Jill Konrath is a leading sales expert, an in-demand speaker, and author of two best selling books, Selling to Big Companies, and SNAP Selling. She helps her clients crack into new accounts, speed up sales cycles and win more business. You can learn more about Jill on her website www.sellingtobigcompanies.com
1. Your book, SNAP Selling, climbed the Amazon charts and hit #1 within hours. How did you get it to be so successful?
Lots of people read my newsletter and blog. They know I’m a straight shooter who offers fresh ideas that are highly relevant in today’s business environment. I also talked a lot about my book while I was writing it and engaged my readers in conversations related to the key issues I was tackling. So, when it came out, they were eager to read it. I had incredible support from my colleagues too. And finally, to keep the momentum going, you need to have a good book!
2. Your website says you have a “joy in selling”. You don’t hear those words together so often? Why is that and why do you find selling so enjoyable?
You’re right. Lots of people hate selling. I’ve always found it fascinating to figure out what works. It’s like a puzzle to me with constantly changing parts: a slew of decision makers who all have their own vested interests, new products coming out, challenging economic times, competitive moves. You can never get bored! Plus, you get exposed to so many different types of businesses, people and perspectives. To me, that’s Candyland.
3. In 2000 your successful sales consultancy went out of business because two of your biggest clients suddenly ended their contracts. Are there any lessons you can share with other consultants and business owners that might be working with a couple of big clients?
My business was on cruise control for half dozen years prior to its collapse. Those big companies just kept giving me project after project. I was sure that the depth and breadth of my relationships would protect me even during tough times.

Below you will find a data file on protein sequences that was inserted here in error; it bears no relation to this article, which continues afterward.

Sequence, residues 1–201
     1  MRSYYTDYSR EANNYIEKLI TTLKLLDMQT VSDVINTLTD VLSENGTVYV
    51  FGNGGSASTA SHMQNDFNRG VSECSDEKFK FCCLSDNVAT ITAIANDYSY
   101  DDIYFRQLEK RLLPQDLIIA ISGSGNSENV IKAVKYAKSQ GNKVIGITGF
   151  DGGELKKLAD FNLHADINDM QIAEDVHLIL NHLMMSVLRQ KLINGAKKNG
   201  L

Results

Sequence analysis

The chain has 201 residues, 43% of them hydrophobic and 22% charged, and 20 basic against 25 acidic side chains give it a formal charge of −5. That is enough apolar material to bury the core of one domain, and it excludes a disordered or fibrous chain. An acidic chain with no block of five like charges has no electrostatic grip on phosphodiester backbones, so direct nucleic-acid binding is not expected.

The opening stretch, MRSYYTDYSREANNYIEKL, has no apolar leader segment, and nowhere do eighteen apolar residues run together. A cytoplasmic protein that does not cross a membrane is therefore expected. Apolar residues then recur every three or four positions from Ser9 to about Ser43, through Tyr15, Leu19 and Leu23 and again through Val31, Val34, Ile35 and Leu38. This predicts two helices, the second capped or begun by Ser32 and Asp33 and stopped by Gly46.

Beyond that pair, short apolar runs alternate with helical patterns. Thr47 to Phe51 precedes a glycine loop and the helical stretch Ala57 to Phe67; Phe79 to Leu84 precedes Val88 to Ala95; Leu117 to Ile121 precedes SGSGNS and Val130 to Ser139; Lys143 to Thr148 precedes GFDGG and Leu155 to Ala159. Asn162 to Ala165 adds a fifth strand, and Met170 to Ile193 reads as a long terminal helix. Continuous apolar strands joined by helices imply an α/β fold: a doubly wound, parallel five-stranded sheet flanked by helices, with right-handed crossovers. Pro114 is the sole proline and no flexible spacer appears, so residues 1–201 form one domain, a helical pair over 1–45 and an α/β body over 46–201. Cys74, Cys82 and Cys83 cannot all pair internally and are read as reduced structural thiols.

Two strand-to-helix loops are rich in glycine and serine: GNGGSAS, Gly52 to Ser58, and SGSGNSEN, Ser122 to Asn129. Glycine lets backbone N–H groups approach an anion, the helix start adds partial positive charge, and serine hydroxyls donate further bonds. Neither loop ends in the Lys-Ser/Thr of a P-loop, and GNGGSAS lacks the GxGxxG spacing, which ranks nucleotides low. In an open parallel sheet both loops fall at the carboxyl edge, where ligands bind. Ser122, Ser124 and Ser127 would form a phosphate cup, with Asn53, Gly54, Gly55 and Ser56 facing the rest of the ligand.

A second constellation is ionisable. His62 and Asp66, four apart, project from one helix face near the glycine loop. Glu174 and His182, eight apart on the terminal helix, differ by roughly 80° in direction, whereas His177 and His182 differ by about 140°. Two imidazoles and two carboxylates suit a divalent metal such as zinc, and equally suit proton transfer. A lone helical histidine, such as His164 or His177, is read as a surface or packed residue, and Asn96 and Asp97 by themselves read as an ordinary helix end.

Ha ha! That was naïve. When Wall Street speaks, companies listen. They don’t care about your “relationship.” To ensure the continuity of your business, it’s essential to have a broad and customer base so that you can weather any storm
4. What was the biggest factor in you going from a local consultant servicing your clients to an internationally known sales expert?
Writing, my e-newsletter and the internet. But it all started because I saw so many small businesses struggling for survival. They had great products/services, lots of talent and a bundle of energy. But, they didn’t have a clue how to market or sell their services – and it was their Achilles Heel. My desire to help them was the genesis of SellingtoBigCompanies.com, tons of “how to” articles, CDs, ebooks and sales guides Once I’d created all that, I decided that people needed to know that this resource existed, so I taught myself how to become visible online. It’s really been one step at a time. First a website, then a newsletter, next came the blog, teleseminars, webinars, tweeting and more.
5. I understand you have ARD (addictive reading disorder). I’ve never heard of that before, is that a well known condition? Do you read everyday? Thoughts on fiction vs. non-fiction? Your favourite book from the last month or two?